Every single product you buy can either contribute to or detract from the movement towards a sustainable lifestyle. Everytime you make a purchase, think about whether the production of the particular item has any negative impact on the environment. If they do, look out for alternatives. For example, you could replace the chemicals you use to clean with baking soda, vinegar or lemon. Or when you buy coffee, you can look for one that is shade-grown, which means that the beans are grown while keeping forest habitats intact for migratory birds and other species. Buy organic food because while it may cost a little more, it keeps harmful pesticides out of our land and water. You could shop at a local farmer’s market, because the meat and the produce you would get here would be fresh and chemical-free. When you are making a big purchase, such a car, take a minute to find out if the model you are looking at is fuel-efficient.
3. Grow your own food
Gardens are green spaces, so they add to the aesthetics of the place, while playing its role in offsetting the carbon emissions in the surrounding areas. You could either grow your own garden in your backyard, or come together with your community to grow one together. Of course, for this to be effective, you will have to carefully choose the practices you wish to adopt for landscaping. Choosing to grow food and herbs, instead of ornamental plants is only one step. It is also important that you keep in mind that the soil of the region, and the ecosystem around it while chosing. Choose plants that are native to your area that have evolved to thrive under the naturally present conditions instead of opting for exotic plants. Stay away from the chemicals and opt for safer, organic alternatives.
4. Go local
Become aware of where your food comes from. You could either start growing your own fruits and vegetables. Else, you could buy your meats and milk from local farmers who pasture their animals. You can go to a farm, and pick out fresh produce of your choice. Support local farms, markets and restaurants that carry sustainably raised food and buy less food that has to be trucked from distant locations. It is also a great way to support your local economy.
5. Become more efficient
This part would come easily to you as soon as you start being more careful in terms of your consumption. You can reduce the amount of natural resources you consume by walking, or even carpooling to work. You can switch the traditional light bulbs in your home to CFL. Using skylights is another way you can cut your demand on energy resources. Start unplugging the device when not in use as most of the electronic devices keep drawing electricity as long as they are plugged in. While you are at it, ditch the plastic. It takes millions of years for plastic to decompose. The plastic that finds its way into the ocean adversely affects the marine life. Every year large number of mammals, seals, seabirds are killed after ingesting plastic or getting tangled up in it. As you become more conscious about your consumption patterns, and the impact it has on the environment, making these changes will come to you more easily.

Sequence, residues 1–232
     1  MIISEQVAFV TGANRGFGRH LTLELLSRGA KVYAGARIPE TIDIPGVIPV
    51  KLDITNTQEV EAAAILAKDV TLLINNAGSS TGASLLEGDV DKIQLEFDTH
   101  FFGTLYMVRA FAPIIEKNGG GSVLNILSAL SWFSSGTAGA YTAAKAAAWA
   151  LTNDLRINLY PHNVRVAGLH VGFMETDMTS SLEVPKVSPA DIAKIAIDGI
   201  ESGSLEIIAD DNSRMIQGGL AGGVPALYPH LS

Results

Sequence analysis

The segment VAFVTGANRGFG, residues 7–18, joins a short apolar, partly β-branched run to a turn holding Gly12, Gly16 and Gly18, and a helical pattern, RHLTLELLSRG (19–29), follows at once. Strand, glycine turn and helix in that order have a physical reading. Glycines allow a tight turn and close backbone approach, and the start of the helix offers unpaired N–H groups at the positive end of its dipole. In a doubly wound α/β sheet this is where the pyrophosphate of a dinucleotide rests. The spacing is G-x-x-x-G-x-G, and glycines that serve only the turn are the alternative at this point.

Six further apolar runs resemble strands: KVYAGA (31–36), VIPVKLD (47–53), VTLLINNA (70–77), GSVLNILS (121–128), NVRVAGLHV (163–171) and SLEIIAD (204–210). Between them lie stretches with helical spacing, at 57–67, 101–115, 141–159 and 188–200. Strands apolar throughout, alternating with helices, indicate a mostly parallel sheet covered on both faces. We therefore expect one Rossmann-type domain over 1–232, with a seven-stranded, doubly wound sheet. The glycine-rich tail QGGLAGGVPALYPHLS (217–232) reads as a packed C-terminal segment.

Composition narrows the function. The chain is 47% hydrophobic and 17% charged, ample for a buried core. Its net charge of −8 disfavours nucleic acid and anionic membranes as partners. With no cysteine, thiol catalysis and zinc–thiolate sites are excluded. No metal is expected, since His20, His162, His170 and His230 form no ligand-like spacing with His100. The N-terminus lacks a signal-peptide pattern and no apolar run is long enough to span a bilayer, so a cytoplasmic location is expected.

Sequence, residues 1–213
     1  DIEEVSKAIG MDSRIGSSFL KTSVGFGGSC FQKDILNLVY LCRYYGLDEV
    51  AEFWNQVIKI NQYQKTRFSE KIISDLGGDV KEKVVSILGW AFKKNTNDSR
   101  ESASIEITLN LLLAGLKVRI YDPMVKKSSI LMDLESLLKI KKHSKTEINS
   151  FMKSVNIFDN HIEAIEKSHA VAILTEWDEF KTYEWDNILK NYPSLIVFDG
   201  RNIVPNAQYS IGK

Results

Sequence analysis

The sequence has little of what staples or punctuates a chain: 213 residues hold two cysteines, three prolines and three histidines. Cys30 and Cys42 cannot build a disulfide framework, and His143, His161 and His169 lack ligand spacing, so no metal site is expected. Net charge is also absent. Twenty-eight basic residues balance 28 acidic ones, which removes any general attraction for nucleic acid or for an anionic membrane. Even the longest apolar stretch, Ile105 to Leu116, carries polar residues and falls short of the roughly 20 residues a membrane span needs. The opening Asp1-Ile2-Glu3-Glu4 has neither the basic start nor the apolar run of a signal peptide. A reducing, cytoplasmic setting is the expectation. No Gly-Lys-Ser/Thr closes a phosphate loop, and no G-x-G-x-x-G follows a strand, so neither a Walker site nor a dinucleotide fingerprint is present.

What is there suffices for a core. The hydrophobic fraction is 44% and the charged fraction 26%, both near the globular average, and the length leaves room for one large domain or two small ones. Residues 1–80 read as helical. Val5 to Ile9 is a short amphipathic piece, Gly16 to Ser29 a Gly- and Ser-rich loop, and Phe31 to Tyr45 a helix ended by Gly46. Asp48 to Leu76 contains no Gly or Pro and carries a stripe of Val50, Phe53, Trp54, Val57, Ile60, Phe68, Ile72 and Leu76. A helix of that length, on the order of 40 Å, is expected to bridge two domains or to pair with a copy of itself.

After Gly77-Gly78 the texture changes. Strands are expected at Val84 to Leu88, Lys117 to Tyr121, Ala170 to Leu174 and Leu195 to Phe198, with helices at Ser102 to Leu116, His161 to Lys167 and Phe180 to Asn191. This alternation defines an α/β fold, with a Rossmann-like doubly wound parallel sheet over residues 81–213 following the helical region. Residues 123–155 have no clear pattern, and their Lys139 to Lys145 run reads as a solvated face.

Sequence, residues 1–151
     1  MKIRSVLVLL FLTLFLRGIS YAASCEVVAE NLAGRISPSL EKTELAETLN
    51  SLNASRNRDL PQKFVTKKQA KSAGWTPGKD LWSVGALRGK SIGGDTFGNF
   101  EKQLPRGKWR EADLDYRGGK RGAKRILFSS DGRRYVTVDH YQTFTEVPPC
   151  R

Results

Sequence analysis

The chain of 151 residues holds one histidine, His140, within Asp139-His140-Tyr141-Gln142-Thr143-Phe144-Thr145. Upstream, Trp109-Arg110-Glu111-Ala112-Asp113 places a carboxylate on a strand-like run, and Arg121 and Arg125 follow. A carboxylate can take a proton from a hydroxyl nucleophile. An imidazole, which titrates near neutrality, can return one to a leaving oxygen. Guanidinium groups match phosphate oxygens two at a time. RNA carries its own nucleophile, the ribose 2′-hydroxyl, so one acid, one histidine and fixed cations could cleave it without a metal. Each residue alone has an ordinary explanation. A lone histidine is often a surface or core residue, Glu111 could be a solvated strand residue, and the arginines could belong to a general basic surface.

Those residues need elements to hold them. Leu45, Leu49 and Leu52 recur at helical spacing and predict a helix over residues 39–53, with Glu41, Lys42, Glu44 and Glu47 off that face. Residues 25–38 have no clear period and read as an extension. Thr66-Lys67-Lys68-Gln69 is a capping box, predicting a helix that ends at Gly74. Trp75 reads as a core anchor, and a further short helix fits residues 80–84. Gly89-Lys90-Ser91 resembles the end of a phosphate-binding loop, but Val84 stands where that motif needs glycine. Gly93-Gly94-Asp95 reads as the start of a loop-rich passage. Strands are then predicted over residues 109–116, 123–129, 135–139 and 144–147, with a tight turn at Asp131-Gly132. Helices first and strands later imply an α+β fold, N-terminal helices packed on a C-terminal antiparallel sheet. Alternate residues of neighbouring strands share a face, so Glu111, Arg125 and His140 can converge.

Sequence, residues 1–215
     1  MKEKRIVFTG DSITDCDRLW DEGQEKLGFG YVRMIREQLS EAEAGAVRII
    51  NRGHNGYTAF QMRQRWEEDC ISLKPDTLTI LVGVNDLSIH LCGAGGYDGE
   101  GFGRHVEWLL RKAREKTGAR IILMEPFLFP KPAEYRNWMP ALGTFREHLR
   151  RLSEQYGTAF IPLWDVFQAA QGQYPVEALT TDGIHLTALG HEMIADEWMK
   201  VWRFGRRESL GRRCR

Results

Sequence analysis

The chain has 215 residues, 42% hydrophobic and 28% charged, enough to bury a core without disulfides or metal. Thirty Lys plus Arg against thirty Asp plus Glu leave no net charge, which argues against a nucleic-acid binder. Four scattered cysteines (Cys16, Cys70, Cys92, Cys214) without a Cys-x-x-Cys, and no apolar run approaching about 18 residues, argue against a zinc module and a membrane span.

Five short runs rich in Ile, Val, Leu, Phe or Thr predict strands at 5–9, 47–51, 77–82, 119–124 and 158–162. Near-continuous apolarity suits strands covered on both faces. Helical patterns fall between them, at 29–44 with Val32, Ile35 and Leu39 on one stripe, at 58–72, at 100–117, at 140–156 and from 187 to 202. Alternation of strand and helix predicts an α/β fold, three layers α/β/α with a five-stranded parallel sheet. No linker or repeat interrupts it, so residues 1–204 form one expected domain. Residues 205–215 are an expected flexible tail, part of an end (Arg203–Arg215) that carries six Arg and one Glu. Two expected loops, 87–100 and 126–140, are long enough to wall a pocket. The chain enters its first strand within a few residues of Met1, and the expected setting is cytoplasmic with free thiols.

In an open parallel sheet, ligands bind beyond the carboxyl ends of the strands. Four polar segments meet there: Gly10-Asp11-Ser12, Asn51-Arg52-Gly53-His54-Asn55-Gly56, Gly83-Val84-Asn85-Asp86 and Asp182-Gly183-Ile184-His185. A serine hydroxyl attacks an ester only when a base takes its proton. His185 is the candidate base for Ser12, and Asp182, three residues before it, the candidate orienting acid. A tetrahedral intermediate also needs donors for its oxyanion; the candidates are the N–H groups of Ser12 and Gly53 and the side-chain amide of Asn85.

6. Practice minimalism
Minimalism simply means living with only the things you need. Minimalism has multifold effects. It frees you from the overwhelming desire to own material goods that you may not add any value to your life and from the hysteria of the fast-paced modern life. However, most importantly, it reduces your consumption, by helping you understand what you need and what you don’t. With a minimalist liefstyle you will recycle more, be more mindful of the items you purchase, thereby ensuring sustainability is a part of your daily life.
7. Go offline
This point is quite self-explanatory. Use the time you spend scrolling through Facebook to read a book or play some games, thereby reducing your reliance on entertainment forms that require energy and natural resources. While you are at it, try to stop streaming all those series on Netflix at night and get yourself on a more natural sleep schedule: This will get you more attuned to the natural light, which is not only better for your health, but will help lessen the amount of power that you use while you are up. Sunlight is free–use it up all you want.
8. Buy right-sized house:
A smaller house means lesser energy consumed. Of course, that doesn’t mean you live someplace where you are cramped for space. It only means that you choose a house that is the right size for you. A smaller house also means you can spend lesser lighting, furniture and overall furnishing.
9. Choose renewable energy
The term renewable energy speaks for itself. It will help reduce the reliance on fossil fuels, which is an important step towards stopping climate change. You could install solar panel over your house or pick a Green-e certified company to supply electricity to your home. Reducing fossil fuel consumption will go a long way in saving wildlife, slowing climate change and protecting our lands and waters. So, talk to your neighbours and get them to install solar panels over their house as well. Make going green a community goal.
10. Save water
This is one of the most important steps you should take up. It starts with simple things like making it a point to not leave the water running while brushing your teeth, or taking shorter showers. Wash the plates as it gets dirty instead of letting them pile up and wash your clothes only when they are absolutely dirty.
Ultimately, the decision to move towards a sustainable lifestyle lies on you. However, remember that the way we choose to live today will determine what kind of lives the next generation will lead. The opportunities we enjoy today are a result of the countless efforts of those who inhabited this earth before us, and this is our chance to give back to the world that holds us every single day.
Source: The Plaid Zebra